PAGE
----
How can you use LinkedIn to build genuine and long-lasting business relationships? Is there a proven way for individuals and businesses to connect authentically on this social media platform?
This is a small sample of LinkedIn related questions I received last month during my two day Marketing Systems Master Class (MSMC) in London, United Kingdom. The MSMC is an international live event that we organize for our StrengthInBusiness community three to four times a year.
I have therefore decided to use this space and share my thoughts on the above questions with you, too.
LinkedIn is my main go-to platform for business relationships.
It’s a phenomenal environment that enables you to showcase your individuality and connect with amazing people from all around the world.
All you need to do is search for a person or company and reach out to them with a personalized message. That’s right. The message has to be personalized.
Now, for those of you who are serious about harnessing the power of LinkedIn, let me tell you what you should definitely avoid doing on this marketing channel, or any other social media network for that matter.
Don’t Send Messages in the “Wrong” Language
Before you send one of your connections a message, please do your homework and check whether that person actually speaks the language you want to use.
Here’s a message in Dutch that somebody sent to me on LinkedIn…
Now, I do speak seven languages, however, Dutch is not one of them.
And although somebody who visited my profile prior to reaching out to me wouldn’t know that because I only mentioned four languages, they could have used English to communicate.
Because it’s the language I used to describe what it is that I do on my profile.
Obviously, Dutch isn’t a big deal if you speak German and English or use Google Translate for example to quickly understand the message.
OK, so I went through that process and translated everything. The message had to do with recent developments on the financial markets.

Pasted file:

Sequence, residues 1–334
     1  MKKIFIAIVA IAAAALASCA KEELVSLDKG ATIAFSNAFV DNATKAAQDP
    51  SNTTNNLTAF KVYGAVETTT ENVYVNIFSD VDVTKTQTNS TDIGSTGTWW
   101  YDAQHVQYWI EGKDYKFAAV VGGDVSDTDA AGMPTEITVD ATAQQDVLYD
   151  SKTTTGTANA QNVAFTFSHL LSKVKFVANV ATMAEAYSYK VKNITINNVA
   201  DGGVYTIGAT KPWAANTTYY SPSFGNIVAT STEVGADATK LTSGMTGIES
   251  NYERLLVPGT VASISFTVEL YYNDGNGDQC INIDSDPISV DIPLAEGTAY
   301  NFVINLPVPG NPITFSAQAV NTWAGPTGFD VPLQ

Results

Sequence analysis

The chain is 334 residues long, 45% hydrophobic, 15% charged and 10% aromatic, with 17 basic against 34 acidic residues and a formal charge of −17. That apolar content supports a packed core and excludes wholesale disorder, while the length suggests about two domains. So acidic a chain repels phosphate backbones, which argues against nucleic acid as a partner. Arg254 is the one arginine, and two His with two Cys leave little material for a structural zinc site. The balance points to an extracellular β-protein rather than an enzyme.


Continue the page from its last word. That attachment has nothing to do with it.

Next, at the end of the message there was a link included. So I clicked on the link (see link at the bottom of the screenshot above) and I was sent to a four page PDF document — in guess what language?
Dutch, of course.
This incidence made me laugh, but it also made me realize that most people won’t have the same reaction I had.
Actually this is how you get people to unfollow you or delete you as a connection on LinkedIn.
This type of bulk spam email doesn’t work. And it works even less when you send it in the wrong language.
So, do yourself a huge favor and stop pursuing this strategy right away.
People Do Business with People They Like and Trust
Let’s go back to the initial questions and allow me to provide you with some hands-on tips on how to build meaningful business relationships on LinkedIn.
1. First, and most importantly, we need to understand that people do business with people.
Humans do business with humans.
That’s why relationships always come down to P2P or H2H and not Business-to-Business (B2B), Business-to-Consumer (B2C) or Business-to-Government (B2G).
2. Second, treat others how you want to be treated.
Meaning: Be respectful, polite and friendly when communicating with other individuals.
3. Third, know what the person you’re reaching out to actually does.
Do some research.
Check their LinkedIn profile, visit their website, see what they are doing on other social channels and find some commonalities. Maybe that other person loves surfing and attends Watersports trade shows just like you do. Wouldn’t that be a great way to start a conversation?
Common passions and hobbies are brilliant, foolproof conversation starters. This method is effective and it helps you connect on a deeper level. You talk about a relevant topic. You’re authentic.
4. Fourth, provide value first.
Whether you’re reaching out to somebody for the very first time or you’re messaging a ‘cold’ connection, make sure you provide value first.
Don’t send people to some crazy PDF documents or worse, pitch them an offer. Not if you’re looking to build long-term relationships.
BTW same rules and principles apply to LinkedIn Groups.
5. Fifth, write in the “right” language.
I had to add this one…
Don’t assume the person on the other end speaks or understands your language. To be on the safe side, write in the language they used to fill out their profile. If it’s English, write in English. If it’s Dutch, write in Dutch.
Once you’ve connected and you’re convinced they speak Dutch for example, go ahead and continue the conversation in Dutch.
And just to be clear: Speaking the same language is a strong way to relate – whether offline or online.
Unlock the Power of LinkedIn. Friendliness Wins.
There you have it. These are some of the do’s and don’ts of interacting with people on LinkedIn.
Ultimately, it all comes down to being friendly and genuine. People sense that and they appreciate it.
Be honest. Be relevant. If you come from a good place and you provide value, you have an opportunity to really connect with people.
Relationships matter. They matter in our personal life and they matter in our professional life. Good, long-lasting relationships are precious.
How do you go about building good business relationships on LinkedIn?